The unfolding drama of the Greek economy has roiled markets and awakened fears of global economic calamity that had been dormant for more than a year. The $1 trillion rescue package assembled by the European Union and the International Monetary Fund may be enough to keep the Greek disease from infecting Spain, Portugal, Ireland and other overleveraged European countries. But the events of the past weeks echo the lessons of the near global meltdown of late 2008 and early 2009: the world is indeed a risky place, although not in the places most people think of as risky. The global economy is indeed riddled with problems, but not in the places most people think of as problems.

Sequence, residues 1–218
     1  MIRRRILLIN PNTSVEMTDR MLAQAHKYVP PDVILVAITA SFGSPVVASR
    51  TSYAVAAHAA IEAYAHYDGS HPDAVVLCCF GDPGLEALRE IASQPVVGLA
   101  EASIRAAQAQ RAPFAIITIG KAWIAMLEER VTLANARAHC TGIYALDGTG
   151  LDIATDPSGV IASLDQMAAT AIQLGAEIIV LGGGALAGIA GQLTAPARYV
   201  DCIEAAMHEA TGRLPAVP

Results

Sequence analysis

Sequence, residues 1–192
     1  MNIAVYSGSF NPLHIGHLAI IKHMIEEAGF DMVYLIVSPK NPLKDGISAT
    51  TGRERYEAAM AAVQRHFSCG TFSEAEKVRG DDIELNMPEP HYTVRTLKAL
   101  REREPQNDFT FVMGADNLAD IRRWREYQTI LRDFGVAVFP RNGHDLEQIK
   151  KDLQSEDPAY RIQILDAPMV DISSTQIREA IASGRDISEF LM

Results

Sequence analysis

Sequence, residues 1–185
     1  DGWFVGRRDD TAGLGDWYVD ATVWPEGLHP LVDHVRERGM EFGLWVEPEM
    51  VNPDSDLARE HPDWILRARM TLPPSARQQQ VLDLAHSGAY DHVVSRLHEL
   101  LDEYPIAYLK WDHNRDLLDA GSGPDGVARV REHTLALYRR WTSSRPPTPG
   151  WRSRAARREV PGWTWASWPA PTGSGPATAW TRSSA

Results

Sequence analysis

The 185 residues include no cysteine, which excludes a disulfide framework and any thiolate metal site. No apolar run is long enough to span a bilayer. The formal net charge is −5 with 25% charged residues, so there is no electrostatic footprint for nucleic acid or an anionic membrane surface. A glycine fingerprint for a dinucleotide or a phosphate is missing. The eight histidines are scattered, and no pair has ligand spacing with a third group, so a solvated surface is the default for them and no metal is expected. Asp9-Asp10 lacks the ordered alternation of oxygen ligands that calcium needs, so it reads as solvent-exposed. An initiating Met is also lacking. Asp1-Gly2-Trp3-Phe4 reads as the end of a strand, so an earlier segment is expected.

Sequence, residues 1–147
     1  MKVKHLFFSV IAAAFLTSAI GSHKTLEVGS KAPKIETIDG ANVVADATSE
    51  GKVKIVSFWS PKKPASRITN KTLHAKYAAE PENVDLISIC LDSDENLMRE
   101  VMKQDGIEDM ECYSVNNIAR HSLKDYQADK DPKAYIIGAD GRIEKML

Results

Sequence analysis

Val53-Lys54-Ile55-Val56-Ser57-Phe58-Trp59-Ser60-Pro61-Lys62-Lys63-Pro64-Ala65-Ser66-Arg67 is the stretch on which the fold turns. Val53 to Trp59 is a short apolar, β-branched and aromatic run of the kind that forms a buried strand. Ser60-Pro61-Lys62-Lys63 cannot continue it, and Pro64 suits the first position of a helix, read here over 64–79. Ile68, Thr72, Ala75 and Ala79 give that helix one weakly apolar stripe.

Can the Markets Learn to Live With Fear?
For the first time in nearly a year, financial markets have reawakened to fear.
Until a few weeks ago, global markets had been marked by an almost eerie calm, with equities rising modestly but consistently, bonds trading in a narrow, reasonable range, and activity from mergers and acquisition to new public offerings showing steady signs of progress. Companies have been generating astonishing profits even in an unsteady global economy, and earnings have consistently blown through expectations. But then Greece coughed and the whole world caught a nasty cold.
The World's Dollar Drug
For all the talk about the problems of Greece and their implications for the euro zone, there is another currency that presents equally profound problems: the U.S. dollar. The dollar is, as everyone knows, the world's reserve currency, and it widely seen as a boon and an anchor for the emerging global economic system. It is also the only thing standing between the United States and its own moment of reckoning, and that is not a good thing.